0212_dnr_After school care_

Pleasant Valley Elementary School third-graders Saleen Shifflett, left, Stella Hughes, center, and Haley Missal joke around while having a snack during an after-school care program run by the Rockingham County Parks and Recreation Department in February 2019.

Rockingham County has discontinued its after-school program for the upcoming school year, an initiative it has provided for more than 25 years.

On Tuesday, Stephen King, county administrator, and Kirby Dean, director of parks and recreation, confirmed the after-school programming would not exist this year due to a staff shortage.

“We’re disappointed,” Dean said.

The program would have been offered at nine county elementary schools: McGaheysville, Cub Run, Peak View, John C. Myers, Lacey Spring, John Wayland, Ottobine, Pleasant Valley and Mountain View. According to the county website, all locations except for Pleasant Valley and Lacey Spring were at capacity.

Of the 50 employees registered to work an after-school program, only five were outside the high school and college age group, Dean said. He said the younger workers did a good job, but some situations required an experienced employee to handle situations that would arise at a child care facility.

“I hate that we’re not able to offer it,” Dean said, but noted that with the lack of staff, the county could not safely and adequately run the program.

Families impacted by the cancellation were notified Monday, King said. He said 270 elementary-age students were registered for the program, scheduled to begin Aug. 24. Families were also sent an email last week informing them of that it could be possible the program would be canceled.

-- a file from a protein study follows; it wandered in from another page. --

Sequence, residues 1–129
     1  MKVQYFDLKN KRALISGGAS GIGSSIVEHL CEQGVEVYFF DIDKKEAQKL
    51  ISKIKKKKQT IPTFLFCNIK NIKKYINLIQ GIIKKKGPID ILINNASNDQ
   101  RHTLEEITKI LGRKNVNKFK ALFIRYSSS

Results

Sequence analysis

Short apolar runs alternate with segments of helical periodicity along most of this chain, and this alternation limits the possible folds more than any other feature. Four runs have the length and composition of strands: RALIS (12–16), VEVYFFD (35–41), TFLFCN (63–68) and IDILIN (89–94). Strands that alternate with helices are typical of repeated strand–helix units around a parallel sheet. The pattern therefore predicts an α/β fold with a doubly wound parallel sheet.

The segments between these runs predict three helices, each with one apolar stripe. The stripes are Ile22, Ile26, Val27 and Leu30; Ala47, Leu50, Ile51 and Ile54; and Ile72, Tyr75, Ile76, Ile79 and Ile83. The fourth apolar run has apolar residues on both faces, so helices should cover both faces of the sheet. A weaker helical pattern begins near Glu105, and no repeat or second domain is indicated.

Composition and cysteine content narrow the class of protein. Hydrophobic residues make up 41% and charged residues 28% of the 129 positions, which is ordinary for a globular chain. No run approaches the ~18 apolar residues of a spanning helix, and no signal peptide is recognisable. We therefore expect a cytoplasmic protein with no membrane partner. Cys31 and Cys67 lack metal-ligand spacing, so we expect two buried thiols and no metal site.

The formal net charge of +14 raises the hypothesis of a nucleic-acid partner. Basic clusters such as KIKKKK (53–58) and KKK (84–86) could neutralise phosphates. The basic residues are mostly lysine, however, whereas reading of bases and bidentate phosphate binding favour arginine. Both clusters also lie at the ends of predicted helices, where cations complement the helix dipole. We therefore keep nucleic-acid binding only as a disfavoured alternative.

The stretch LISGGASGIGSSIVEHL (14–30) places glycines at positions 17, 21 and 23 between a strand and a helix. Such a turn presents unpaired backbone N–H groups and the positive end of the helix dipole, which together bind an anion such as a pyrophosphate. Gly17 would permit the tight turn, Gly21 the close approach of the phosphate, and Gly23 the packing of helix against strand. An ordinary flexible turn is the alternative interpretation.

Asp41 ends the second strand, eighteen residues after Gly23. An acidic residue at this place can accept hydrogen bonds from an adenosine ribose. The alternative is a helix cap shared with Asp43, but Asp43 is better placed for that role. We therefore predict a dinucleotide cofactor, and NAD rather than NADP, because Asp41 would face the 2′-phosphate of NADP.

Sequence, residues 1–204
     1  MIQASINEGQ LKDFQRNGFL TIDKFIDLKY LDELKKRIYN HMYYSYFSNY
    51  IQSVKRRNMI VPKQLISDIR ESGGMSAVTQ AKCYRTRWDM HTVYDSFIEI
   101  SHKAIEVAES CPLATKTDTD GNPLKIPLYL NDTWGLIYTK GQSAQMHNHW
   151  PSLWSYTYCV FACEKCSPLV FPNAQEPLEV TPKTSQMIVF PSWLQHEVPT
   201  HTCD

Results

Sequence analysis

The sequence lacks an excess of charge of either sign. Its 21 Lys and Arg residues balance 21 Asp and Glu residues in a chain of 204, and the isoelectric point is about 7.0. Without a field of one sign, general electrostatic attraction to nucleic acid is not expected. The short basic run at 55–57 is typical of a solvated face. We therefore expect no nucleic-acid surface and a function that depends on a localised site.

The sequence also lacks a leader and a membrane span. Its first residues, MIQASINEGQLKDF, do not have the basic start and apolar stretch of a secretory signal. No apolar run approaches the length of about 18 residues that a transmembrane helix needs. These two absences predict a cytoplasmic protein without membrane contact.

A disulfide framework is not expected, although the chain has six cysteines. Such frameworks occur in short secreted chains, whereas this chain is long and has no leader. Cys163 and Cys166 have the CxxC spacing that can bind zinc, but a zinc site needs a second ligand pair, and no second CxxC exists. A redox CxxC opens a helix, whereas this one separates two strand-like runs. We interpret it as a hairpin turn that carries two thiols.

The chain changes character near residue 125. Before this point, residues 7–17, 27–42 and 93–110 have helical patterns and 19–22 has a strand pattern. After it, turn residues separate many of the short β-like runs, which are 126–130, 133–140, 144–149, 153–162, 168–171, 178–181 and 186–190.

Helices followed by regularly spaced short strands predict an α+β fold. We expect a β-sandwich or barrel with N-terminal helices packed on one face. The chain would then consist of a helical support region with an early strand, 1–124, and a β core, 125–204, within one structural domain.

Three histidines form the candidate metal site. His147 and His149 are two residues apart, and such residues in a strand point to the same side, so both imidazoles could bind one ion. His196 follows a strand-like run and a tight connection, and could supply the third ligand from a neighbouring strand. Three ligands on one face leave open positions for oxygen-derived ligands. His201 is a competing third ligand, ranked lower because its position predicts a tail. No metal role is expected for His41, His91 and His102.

“We’re not happy about it ... but that’s the reality of it,” King said.

King said it would be “premature” to identify any solutions for after-school programming through the county this year, or if the program would be picked up next year. The county informed the Boys and Girls Clubs of Harrisonburg and Rockingham County about the situation, and identified employees who could be eligible to work for the organization.

The county’s after-school program was completely operated by the Rockingham County Parks and Recreation Department. It was independent from the county’s school system, but did use the division’s facilities under an agreement. Dean said RCPS did everything it could to help, but the county “never got that bump in applications.”

“If you don’t have the people, you don’t have the people,” he said.

Dean said the county recruited prospective employees by job postings on social media and the county’s website, as well as “physically going out to sites” like local high schools, Bridgewater College and Eastern Mennonite University during the spring to talk to interested individuals. County officials also approached school personnel to staff the sites.

Last year, 286 students participated in the program. Dean said it was a “balancing act” to ensure staffing last year, which also required full-time county employees to help operate the programs when needed. County staff was willing to do that again this year, but it would not have made a difference because the program would have been so understaffed, he said.

Full refunds will be processed as quickly as possible. A $50 registration fee was required for all participants, and the monthly fee was $150.

“I’m an optimist ... but at the 11th hour, the numbers just weren’t there,” Dean said.

Contact Kellen Stepler at 574-6279 or kstepler@dnronline.com | Follow Kellen on Twitter at @KellenStepler

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